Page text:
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FOR IMMEDIATE RELEASE
AUGUST 6, 2002
4:39 PM
CONTACT:  World Wildlife Fund
Kerry Green Zobor, 202-778-9509 or Jennifer Seeger, 202-778-9742
Earth Summit Experts Available For Comment
 

WASHINGTON - August 6 - At the Earth Summit to be held in Johannesburg, August 26 to September 4, world leaders will be grappling with a variety of environmental issues aimed at making concrete commitments to help the world achieve sustainability. Energy, water, climate change, toxics, marine, fisheries, funding and trade will have a major portion of the agenda at this largest of environmental meetings since the Rio Earth Summit in 1992.

In addition to the contingent from WWF who will be attending this year's Earth Summit, WWF has a team of experts who can provide background and comment on these several major areas of discussion at the Summit.

Attending the Earth Summit and available for comment from now until the end of the Summit will be:

-- Brooks B. Yeager, vice president for World Wildlife Fund's Global Threats Program.

Yeager will lead WWF's contingent of experts at this year's Summit. At WWF, Yeager supervises the efforts of five campaign teams working to conserve global forests and ocean resources, to avert damage to the global environment from climate change and toxic pollution, and to assure that world commerce is environmentally sustainable.

Before joining WWF, Yeager was the deputy assistant secretary for environment and development at the U.S. State Department. At State, Yeager was responsible for the development and negotiation of U.S. Government policy in a wide variety of global environmental discussions. Yeager was the United States' lead negotiator for the recently concluded UNEP Global Convention on Persistent Organic Pollutants.

-- Clifton Curtis, director, World Wildlife Fund's Toxics Program.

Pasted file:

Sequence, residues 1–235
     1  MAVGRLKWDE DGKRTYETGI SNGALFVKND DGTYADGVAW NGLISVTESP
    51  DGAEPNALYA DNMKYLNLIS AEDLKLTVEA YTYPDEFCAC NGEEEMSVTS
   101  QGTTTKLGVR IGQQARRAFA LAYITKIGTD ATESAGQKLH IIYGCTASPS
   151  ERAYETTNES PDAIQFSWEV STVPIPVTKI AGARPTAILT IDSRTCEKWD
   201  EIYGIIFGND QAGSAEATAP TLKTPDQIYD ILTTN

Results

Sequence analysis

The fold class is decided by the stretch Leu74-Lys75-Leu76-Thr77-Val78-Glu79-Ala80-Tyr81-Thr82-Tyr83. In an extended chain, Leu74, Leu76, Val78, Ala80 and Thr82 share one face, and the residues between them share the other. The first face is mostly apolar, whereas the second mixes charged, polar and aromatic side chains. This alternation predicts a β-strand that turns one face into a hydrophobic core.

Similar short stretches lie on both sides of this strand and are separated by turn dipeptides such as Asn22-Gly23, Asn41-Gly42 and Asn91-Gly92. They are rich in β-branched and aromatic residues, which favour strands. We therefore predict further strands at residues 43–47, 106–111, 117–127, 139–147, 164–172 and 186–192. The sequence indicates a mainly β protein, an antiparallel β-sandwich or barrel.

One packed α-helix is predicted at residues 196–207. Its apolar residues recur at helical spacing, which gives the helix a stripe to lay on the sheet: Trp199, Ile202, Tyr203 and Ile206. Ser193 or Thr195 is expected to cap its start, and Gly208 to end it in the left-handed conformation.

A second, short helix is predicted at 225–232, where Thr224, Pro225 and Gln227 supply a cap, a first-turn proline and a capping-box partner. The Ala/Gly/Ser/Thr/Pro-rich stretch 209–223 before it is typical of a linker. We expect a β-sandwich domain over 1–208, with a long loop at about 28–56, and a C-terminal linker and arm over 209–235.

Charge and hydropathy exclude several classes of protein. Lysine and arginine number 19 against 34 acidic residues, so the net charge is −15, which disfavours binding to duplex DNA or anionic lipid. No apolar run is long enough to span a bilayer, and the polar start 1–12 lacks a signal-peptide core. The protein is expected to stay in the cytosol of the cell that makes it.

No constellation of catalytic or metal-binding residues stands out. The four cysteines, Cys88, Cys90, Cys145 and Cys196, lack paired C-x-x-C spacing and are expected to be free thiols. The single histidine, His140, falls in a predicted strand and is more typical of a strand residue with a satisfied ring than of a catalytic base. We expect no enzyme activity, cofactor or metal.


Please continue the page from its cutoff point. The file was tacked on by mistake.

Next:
Curtis directs WWF's priority work on Persistent Organic Pollutants (POPs) and Endocrine Disrupting Chemicals (EDCs). Those efforts seek to reduce and eliminate threats posed to wildlife and humans by toxic chemicals in agriculture and industry, and to identify and promote environmentally safe, effective and affordable alternatives. He will be part of WWF's delegation to the Earth Summit.

-- Jennifer Morgan, director, Climate Change Program.

Previously, Morgan was coordinator of the U.S. Climate Action Network, based in Washington, D.C. She has been a campaign coordinator for the International Council for Local Environmental Initiatives in Freiburg, Germany, and worked as a fellow at the German Federal Ministry for the Environment, Nature Conservation and Nuclear Safety as well as the European Business Council for Sustainable Energy Future, in Bonn, Germany. Morgan will also be a member of the WWF delegation to the Earth Summit.

Available for comment on issues covered at the Earth Summit from now until the end of the Summit:

-- David Sandalow, executive vice president of World Wildlife Fund.

Sandalow is currently responsible for management of WWF's conservation, advocacy and research programs. Prior to his current position, he served as assistant secretary of state for oceans, environment and science. In this capacity he helped manage U.S. diplomacy on a broad range of environment, science and technology issues. Prior to his State Department post, Sandalow advised the President and Vice President on global environmental issues, while serving jointly as senior director for environmental affairs, National Security Council and associate director for the global environment, White House Council on Environment

-- Robin Abell, freshwater conservation biologist for WWF's Conservation Science Program.

Abell currently oversees a similar assessment of Africa's freshwater ecoregions; works on global-scale mapping of freshwater ecoregions; and helps to develop ecoregion-based conservation strategies for a number of high-priority areas, including the Amazon, Congo, and Mekong River systems, Southeast rivers and streams of the United States, and the Chihuahuan Desert.

-- Scott Burns, director of the Marine Conservation Program.

Burns also directs WWF International's Endangered Seas Campaign. Before joining WWF, Burns was a professor at the University of Maryland School of Law. In addition, he has been affiliated with a variety of other conservation organizations, and worked as a commercial fisherman on the Chesapeake Bay.

-- Stephen Kelleher, deputy director of the Global Forest Program.

Kelleher leads WWF's efforts on issues related to forests and climate and serves on the advisory group for forest landscape restoration. Kelleher has over 13 years of experience working in tropical forestry and conservation in Africa, Asia, and the Caribbean. His technical experience in forestry, environment and biodiversity conservation includes field-level project implementation, grant and contract management, and national level environmental policy planning.

-- Claudia Saladin, director of WWF's Sustainable Commerce Program.

Saladin heads up WWF's program which focuses on elimination of environmentally harmful fishing subsidies, forests and trade in the western hemisphere, and sustainability of trade agreements.

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